Thinking about Tandler though in the last 36 hours, there have been some truly hard moments. He was kind and gracious. A true gentleman. 

He never took personal shots at the team we cover, or their front office. Plenty do. He would certainly say when things were bad, and say it loudly. He was binary in a world full of context. 

He was a good dude. He was my coworker, my partner and my friend. 

And damn if it isn’t getting dusty in here all of a sudden. 

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Three things to watch for Wizards' regular season opener against the Heat

Three things to watch for Wizards' regular season opener against the Heat

The Washington Wizards open their regular season on Thursday night against the Miami Heat. Tipoff is at 8 p.m. on NBC Sports Washington. 

Here are three things to watch...

Will Howard play?

Just one week ago, it would have seemed near impossible that Dwight Howard, the Wizards' biggest offseason acquisition, would be ready to play in the season opener, but after three solid days of practice, it can't be ruled out. The Wizards plan to evaluate him throughout the day on Thursday to determine if he can take the court in what would be his first live game action with his new team.

Howard, 32, missed the entire preseason and nearly all of their practices leading up to the opener with a strained piriformis muscle. Though reports have been encouraging from his three practices, he is not yet in game shape. Even if he can play, expect him to be limited. If he can't play, Ian Mahinmi will get the start.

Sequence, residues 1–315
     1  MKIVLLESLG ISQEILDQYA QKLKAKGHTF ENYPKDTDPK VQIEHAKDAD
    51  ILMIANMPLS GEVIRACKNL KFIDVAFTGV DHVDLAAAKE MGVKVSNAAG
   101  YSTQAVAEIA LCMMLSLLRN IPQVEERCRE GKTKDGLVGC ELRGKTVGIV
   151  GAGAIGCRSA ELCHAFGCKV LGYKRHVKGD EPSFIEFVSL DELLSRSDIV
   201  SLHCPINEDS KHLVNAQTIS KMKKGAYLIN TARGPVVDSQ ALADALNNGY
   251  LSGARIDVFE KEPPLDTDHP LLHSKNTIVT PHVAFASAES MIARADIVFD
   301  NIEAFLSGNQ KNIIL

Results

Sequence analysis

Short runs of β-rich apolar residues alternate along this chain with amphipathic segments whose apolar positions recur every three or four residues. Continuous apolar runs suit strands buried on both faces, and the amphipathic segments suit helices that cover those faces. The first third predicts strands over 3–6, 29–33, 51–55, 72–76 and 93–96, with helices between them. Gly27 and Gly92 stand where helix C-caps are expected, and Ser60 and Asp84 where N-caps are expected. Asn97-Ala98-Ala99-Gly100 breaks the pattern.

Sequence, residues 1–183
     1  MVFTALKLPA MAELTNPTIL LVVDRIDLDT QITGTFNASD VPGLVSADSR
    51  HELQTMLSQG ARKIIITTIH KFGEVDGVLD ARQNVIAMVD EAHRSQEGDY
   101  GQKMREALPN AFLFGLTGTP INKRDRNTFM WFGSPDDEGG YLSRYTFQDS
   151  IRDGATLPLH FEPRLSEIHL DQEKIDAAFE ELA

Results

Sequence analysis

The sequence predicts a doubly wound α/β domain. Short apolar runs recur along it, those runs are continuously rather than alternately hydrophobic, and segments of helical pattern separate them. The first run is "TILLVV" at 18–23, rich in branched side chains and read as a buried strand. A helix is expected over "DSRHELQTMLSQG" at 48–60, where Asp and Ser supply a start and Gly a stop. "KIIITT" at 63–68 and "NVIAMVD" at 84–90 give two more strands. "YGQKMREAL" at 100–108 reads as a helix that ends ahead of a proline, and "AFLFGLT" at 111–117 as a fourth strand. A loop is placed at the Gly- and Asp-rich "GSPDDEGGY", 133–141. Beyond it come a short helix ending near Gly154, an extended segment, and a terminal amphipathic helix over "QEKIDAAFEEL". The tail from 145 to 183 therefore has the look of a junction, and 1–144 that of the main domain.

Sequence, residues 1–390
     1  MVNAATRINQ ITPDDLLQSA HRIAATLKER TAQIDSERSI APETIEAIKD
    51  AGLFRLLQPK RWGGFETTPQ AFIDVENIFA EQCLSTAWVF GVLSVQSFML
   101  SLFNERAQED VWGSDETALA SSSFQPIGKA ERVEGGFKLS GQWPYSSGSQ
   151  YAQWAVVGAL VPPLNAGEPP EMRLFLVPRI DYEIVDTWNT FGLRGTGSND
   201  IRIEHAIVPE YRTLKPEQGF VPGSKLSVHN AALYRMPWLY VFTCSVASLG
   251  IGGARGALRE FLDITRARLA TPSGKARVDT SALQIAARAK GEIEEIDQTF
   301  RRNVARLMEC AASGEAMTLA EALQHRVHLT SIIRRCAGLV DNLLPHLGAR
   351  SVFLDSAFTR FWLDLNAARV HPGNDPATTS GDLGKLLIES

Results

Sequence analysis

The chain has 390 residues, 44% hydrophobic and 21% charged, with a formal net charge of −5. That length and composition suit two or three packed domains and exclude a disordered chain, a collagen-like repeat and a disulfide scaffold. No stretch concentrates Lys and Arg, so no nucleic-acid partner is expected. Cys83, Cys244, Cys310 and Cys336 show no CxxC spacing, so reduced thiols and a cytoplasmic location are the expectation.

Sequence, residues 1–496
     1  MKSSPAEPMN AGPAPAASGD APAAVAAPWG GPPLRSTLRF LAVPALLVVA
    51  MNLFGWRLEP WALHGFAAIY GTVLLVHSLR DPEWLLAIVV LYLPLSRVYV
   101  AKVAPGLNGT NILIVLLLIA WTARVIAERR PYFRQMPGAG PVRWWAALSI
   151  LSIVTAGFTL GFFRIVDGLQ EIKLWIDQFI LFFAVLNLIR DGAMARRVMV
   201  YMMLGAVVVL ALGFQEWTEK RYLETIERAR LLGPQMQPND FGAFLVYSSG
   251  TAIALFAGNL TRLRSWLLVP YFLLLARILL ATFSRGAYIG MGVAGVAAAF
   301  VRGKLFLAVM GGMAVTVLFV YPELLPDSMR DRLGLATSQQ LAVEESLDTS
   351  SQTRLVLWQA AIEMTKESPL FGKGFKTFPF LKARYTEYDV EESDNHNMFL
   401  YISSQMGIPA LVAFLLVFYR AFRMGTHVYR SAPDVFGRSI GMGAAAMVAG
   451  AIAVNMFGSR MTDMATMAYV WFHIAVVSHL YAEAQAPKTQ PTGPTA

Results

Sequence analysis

Heat are banged up

Miami is not only coming off a game the night before, as they lost in their season opener to the Orlando Magic, but they are missing some key guys. Dion Waiters, James Johnson, Wayne Ellington and Justise Winslow are out due to injuries.

That will leave Miami perilously thin at the guard and small forward position. That happens to be an area of the roster where the Wizards are especially deep, now with Austin Rivers as the backup shooting guard behind Bradley Beal and with first round pick Troy Brown Jr. behind Otto Porter Jr. and Kelly Oubre Jr.

That said, Waiters and Ellington being out means Dwyane Wade may get more run and, as we saw in the preseason, he is still very hard to stop. He is capable of a big night, especially given it's so early in the year and he doesn't yet have the wear-and-tear of a long season.

Can Beal reach the next level?

One of the most important indicators of how much better the Wizards will be this season is the continued improvement of their young players. John Wall, Porter and Oubre are included in that and particularly Oubre, who is entering an important season in the final year of his contract.

But the guy who improved more than anyone last year and has a chance to take another big leap this season is Beal. Now with one All-Star nod under his belt, what does he have for an encore? 

If Beal can get his scoring average up even higher from the 22.6 he put up last season, he could enter the All-NBA conversation. And he now has more help than ever with Rivers behind him. Beal should, in theory, be more fresh each night with Rivers taking away some of his workload. 

The Heat offer a good matchup defensively for Beal with Josh Richardson. He is one of the more underrated players in basketball and is a menace on the perimeter.

"I've been a fan of his since I played him in college at Tennessee," Beal said. "He's always been a pest. He's super athletic, sneaky athletic. And I feel like he developed his shot to where you have to respect it. If you go under [on screens], he's shooting it."